Elena Pantaleoni 

Her core belief is that wine should not be a mass-produced industrial beverage that tastes the same every time you drink it, but one that surprises you. She wants drinkers to experience wine like it used to be made up until World War II, artisanally and with respect for the place the grapes grow.


Francesca and Margherita Padovani 

The twins’ Brunello di Montalcino is regularly rejected by the regulatory DOCG board for tasting ‘atypical’, but is a risk the sisters are prepared to take for making pure, artisanal wine. Being sisters – and partners – has its challenges too. It’s been twenty years and they have changed, and so has their relationship.


Jutta Ambrositsch 

Making wine in the middle of the Austrian capital, Jutta thinks her career change, from graphic designer to winegrower, is the best thing she has ever done. Loves working in the vineyard but dislikes winemaking and tasting unfinished wine and therefore has a minimal intervention approach.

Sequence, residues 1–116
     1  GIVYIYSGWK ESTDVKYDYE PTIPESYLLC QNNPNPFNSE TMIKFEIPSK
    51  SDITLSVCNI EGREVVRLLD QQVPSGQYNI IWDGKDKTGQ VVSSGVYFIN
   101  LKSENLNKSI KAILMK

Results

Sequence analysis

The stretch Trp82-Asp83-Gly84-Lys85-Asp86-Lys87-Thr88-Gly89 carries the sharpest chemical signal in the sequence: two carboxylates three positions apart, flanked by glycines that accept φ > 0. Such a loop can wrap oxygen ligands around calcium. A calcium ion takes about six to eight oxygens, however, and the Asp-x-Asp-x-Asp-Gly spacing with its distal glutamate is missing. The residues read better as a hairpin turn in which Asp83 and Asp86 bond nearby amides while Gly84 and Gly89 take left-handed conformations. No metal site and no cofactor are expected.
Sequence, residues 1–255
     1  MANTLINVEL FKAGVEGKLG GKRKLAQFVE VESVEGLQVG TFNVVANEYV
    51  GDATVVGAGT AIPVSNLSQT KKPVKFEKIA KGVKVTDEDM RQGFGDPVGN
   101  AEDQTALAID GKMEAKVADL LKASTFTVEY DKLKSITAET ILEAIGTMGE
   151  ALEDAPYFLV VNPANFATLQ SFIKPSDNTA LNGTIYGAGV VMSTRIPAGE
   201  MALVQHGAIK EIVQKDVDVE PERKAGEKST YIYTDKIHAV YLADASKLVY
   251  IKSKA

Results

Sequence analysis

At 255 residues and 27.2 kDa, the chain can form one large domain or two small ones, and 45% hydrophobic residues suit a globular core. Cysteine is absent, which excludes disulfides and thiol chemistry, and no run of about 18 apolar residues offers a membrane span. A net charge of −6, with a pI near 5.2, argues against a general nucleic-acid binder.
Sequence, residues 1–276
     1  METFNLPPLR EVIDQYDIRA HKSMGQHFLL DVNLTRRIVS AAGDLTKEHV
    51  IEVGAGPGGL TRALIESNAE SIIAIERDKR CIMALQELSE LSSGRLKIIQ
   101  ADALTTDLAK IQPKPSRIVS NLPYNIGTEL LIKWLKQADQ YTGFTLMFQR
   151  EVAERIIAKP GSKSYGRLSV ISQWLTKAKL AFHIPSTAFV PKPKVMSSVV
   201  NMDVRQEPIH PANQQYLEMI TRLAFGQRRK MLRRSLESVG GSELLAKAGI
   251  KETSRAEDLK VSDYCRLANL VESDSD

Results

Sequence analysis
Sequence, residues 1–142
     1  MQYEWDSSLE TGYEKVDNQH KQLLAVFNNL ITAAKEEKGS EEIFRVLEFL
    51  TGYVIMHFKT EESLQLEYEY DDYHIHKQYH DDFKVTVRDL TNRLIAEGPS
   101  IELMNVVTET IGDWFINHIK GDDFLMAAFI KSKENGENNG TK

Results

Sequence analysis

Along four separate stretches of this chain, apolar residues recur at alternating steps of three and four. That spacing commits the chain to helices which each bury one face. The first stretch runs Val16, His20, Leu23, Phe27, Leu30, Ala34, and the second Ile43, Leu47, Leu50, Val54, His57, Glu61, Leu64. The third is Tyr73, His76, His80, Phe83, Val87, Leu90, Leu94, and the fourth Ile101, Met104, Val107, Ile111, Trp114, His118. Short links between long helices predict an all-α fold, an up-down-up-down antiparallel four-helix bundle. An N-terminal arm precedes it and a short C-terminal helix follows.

Alice Bouvot

Is guided by the words “Do I like it or not?” She trusts only herself and her grapes without any regard for what other people might think and talks to the yeast if a fermentation is stuck. She has left the appellation in Arbois, Jura, and instead sells her wines as lowly Vin de France.


Stefanie and Susanne Renner

The sisters took over the family wine business in Burgenland, became their parents’ bosses and told their father to back off – they had a plan. They revel in the freedom of being their own bosses and think it’s easier to make wine together as sisters rather than as a couple, because they don’t have to share a bed.


Catherine Hannoun 

A filmmaker-turned-winemaker, making wine the same way she made films, by experimenting. But even if she’s a micro-producer, it’s hard to get time to do what she loves most – experimenting in the cellar and being with her daughter. 


Arianna Occhipinti

Started making wine on her own at 21, in Sicily, but her passion is about so much more than natural wine, it is to leave a legacy, to be remembered in a hundred years as the woman who was a steward of nature, someone who worked with future generations in mind.


Buy the book about the women behind the bottle here